McAleese threatens to leave Catholic Church if Vanier story not explained

Church must say how it commended ‘a man whose predatory proclivities it was aware of’

 Mary McAleese, former President of Ireland. File Photograph: Nick Bradshaw/The Irish Times

Mary McAleese, former President of Ireland. File Photograph: Nick Bradshaw/The Irish Times

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Former president Mary McAleese has written to Pope Francis saying she will leave the Catholic Church “if it transpires that the Holy See failed to act to protect members of the L’Arche Community”.

She said people should have been alerted to “the known predatory activities” of the community’s founder Jean Vanier and his mentor, Dominican priest Fr Thomas Philippe.

“I have to say that this will be my final line of least resistance. I could not in conscience continue to support an institution capable of such gross negligence,” Mrs McAleese said in the letter.

Vanier founded L’Arche International in 1964 to assist people with intellectual disabilities. It caters for 10,000 people in 39 countries and has four communities in Ireland at Dublin, Belfast, Cork and Kilkenny, where up to 60 people are cared for and around 100 others are provided day services.

L’ Arche International announced on February 22nd that an inquiry it commissioned last June into allegations of sex abuse by Vanier had “received credible and consistent testimonies from six . . . women without disabilities, covering the period from 1970 to 2005”. Vanier died last May.

Investigation

Fr Philippe, who died in 1993, was found by a Catholic Church investigation in 2015 to have sexually abused 14 women, many of them associated with the L’Arche Community, in incidents dating back to the 1970s. It is understood that no people with disabilities were abused by him.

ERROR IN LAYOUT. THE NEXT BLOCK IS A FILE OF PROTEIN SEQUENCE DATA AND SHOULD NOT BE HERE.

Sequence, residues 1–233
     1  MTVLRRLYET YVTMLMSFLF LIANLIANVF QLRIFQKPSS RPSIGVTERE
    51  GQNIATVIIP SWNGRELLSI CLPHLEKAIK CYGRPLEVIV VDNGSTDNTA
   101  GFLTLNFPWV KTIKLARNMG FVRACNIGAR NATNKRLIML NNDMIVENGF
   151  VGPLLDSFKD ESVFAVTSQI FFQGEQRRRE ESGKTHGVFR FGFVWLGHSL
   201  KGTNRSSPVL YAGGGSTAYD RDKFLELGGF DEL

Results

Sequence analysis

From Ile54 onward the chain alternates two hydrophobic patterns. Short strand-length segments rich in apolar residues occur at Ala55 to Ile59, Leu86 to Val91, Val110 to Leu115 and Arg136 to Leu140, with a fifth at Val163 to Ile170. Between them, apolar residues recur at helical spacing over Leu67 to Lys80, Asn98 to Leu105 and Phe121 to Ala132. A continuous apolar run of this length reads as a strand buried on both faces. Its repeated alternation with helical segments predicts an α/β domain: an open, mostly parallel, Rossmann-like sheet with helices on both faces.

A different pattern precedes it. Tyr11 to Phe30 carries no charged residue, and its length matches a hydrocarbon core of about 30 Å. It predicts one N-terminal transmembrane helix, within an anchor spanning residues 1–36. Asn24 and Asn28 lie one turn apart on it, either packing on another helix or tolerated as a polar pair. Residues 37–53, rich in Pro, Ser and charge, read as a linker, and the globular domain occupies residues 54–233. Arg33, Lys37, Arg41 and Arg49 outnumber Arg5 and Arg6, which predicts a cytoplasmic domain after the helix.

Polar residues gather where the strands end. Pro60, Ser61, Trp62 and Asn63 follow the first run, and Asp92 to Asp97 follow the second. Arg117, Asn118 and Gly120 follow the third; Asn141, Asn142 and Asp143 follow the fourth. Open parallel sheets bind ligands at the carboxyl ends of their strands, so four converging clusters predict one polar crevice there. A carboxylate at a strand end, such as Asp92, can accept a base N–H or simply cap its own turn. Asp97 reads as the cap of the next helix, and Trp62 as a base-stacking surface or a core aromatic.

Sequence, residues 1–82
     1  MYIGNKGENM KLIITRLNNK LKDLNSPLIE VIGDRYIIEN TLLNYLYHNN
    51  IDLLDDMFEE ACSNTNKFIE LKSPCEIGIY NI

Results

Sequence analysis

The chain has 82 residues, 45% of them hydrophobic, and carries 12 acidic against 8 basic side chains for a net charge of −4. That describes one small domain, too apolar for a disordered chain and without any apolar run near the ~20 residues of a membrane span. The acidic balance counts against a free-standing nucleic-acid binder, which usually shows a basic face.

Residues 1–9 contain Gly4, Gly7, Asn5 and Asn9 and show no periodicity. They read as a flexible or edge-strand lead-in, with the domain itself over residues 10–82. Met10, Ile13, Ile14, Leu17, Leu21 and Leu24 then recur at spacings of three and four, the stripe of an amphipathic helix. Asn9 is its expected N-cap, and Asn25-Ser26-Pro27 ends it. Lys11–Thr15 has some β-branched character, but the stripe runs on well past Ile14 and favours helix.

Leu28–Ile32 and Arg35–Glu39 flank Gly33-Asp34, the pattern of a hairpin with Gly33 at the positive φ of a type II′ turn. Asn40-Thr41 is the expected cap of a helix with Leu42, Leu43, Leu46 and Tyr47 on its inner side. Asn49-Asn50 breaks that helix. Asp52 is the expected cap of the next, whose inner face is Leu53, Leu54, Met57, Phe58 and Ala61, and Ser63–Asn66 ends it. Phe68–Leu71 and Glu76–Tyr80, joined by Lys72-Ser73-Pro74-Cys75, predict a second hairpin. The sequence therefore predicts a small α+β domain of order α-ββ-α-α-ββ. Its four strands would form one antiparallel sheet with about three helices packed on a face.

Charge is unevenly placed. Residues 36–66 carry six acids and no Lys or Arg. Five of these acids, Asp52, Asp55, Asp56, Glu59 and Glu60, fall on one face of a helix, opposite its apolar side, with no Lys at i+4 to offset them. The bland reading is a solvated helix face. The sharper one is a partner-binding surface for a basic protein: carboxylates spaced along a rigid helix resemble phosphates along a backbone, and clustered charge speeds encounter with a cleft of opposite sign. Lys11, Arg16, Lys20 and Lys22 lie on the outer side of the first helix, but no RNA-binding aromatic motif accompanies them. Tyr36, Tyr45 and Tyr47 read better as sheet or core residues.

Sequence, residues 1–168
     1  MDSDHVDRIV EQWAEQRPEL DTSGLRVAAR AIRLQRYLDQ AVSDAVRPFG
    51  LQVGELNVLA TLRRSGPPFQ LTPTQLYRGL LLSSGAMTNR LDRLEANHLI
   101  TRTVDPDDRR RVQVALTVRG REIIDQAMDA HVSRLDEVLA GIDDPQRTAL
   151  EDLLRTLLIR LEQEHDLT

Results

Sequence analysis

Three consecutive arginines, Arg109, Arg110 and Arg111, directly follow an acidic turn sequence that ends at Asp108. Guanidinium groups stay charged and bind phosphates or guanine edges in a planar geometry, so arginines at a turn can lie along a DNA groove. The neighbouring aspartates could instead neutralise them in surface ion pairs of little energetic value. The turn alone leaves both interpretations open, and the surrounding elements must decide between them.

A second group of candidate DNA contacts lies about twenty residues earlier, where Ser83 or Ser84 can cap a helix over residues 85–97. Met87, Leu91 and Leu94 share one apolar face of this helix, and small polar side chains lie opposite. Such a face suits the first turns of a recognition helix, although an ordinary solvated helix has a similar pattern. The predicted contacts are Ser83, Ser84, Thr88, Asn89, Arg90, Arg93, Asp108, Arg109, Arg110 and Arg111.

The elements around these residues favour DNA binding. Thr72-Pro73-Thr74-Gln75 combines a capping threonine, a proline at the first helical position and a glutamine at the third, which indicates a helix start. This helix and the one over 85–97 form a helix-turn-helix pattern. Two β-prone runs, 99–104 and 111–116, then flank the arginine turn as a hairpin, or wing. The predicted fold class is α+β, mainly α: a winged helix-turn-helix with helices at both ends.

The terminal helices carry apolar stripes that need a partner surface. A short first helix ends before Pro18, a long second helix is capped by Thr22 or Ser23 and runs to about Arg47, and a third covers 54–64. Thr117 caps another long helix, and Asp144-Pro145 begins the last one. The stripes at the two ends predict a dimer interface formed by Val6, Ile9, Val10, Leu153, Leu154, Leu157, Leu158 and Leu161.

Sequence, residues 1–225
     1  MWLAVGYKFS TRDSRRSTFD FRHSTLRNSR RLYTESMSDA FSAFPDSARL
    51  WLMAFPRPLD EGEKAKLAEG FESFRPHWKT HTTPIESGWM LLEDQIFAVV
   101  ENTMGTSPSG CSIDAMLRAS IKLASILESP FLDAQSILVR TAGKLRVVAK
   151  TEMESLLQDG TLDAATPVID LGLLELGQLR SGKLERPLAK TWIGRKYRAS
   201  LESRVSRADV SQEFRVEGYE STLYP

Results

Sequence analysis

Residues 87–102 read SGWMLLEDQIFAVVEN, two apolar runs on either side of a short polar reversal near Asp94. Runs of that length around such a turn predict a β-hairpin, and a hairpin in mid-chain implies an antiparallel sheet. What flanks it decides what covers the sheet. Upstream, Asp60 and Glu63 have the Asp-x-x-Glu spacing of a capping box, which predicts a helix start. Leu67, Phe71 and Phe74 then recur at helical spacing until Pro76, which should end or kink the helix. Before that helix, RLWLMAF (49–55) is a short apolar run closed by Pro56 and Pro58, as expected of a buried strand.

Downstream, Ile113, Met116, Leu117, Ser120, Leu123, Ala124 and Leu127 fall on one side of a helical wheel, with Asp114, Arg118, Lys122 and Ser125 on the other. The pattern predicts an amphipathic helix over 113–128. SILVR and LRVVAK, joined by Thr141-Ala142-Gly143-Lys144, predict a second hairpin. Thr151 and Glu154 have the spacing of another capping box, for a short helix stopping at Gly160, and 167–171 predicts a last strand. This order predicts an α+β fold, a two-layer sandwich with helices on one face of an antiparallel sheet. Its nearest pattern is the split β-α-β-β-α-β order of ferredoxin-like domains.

In 1956, Fr Philippe’s was removed from ministry by the Vatican because of his abuse of women. Last month’s L’Arche also report found that by 1956 “there was no longer any doubt that Jean Vanier was informed of the reasons for the condemnation” of Fr Philippe.

It found too that, against the advice of the church, between 1952 and 1964 Fr Philippe and Vanier maintained a deep bond and that Vanier “shared sexual practices similar to those of Father Thomas Philippe with several women, none of whom seem to have declared themselves as victims”.

In her letter to Pope Francis, Mrs McAleese said “it is essential that the Holy See now explains how it came to so publicly commend a man whose predatory proclivities it was aware of”.

She said “Vanier was consistently lauded by the Church at the highest level without the remotest suggestion that there was anything worrying in his character”.

‘Powerful cult’

She asked “what steps if any did the Holy See take to interrupt the growth of the powerful cult of Vanier by warning the many good men and women who trusted him in good faith that he had an alarming past?”

“I am one of those who regarded Vanier as inspirational for decades,” she said. “Hearing last week the awful story of his sexually and spiritually abusive conduct was devastating. Even worse was learning that the Holy See had been aware since the 1950s of his malevolent proclivities and those of his colleague Pere Thomas Phillippe. ”

Mrs McAleese said she was confident that the great work done by L’Arche would allow it recover but that she was “not so sure about whether trust in the Holy See will recover so easily”.

“Many times in recent years I have had reason to despair at the failures at papal, episcopal and Curial level regarding the protection of vulnerable children and the vindication of victims,” she said.